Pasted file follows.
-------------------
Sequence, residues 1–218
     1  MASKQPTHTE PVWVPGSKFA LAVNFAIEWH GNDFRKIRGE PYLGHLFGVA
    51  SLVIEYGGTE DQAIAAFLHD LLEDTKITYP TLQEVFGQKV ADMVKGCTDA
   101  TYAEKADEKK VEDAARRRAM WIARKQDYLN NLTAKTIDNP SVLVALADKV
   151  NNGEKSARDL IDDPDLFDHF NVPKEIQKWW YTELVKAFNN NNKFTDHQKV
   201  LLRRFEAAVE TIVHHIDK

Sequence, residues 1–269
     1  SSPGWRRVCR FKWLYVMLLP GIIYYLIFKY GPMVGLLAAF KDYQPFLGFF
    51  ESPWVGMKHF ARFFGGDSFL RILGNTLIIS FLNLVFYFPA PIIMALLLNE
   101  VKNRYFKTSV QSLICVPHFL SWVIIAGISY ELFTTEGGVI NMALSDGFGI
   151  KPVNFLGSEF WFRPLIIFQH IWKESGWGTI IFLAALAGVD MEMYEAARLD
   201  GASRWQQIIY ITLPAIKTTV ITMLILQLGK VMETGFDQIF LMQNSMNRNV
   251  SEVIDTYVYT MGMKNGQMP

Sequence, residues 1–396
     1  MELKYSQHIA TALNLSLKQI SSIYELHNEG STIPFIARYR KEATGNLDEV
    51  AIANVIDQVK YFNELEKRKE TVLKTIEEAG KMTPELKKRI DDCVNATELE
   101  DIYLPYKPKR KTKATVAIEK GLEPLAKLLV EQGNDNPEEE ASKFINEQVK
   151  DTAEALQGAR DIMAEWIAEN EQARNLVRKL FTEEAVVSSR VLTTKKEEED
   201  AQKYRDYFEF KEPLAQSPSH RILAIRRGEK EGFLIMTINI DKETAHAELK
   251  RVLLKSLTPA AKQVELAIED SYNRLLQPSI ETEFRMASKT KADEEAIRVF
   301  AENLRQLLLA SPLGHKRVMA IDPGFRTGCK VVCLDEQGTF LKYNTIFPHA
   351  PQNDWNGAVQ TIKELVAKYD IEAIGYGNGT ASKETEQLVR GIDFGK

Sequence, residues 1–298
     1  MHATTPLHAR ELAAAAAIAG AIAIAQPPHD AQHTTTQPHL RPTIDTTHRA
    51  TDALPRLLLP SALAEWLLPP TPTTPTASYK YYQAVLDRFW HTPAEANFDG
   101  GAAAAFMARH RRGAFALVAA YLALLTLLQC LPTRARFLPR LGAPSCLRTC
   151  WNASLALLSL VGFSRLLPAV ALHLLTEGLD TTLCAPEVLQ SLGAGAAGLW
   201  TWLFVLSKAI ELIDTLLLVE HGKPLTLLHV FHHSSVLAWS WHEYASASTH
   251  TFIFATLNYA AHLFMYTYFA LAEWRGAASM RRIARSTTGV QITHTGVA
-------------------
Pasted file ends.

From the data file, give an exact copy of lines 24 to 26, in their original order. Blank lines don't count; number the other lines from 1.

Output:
     1  MHATTPLHAR ELAAAAAIAG AIAIAQPPHD AQHTTTQPHL RPTIDTTHRA
    51  TDALPRLLLP SALAEWLLPP TPTTPTASYK YYQAVLDRFW HTPAEANFDG
   101  GAAAAFMARH RRGAFALVAA YLALLTLLQC LPTRARFLPR LGAPSCLRTC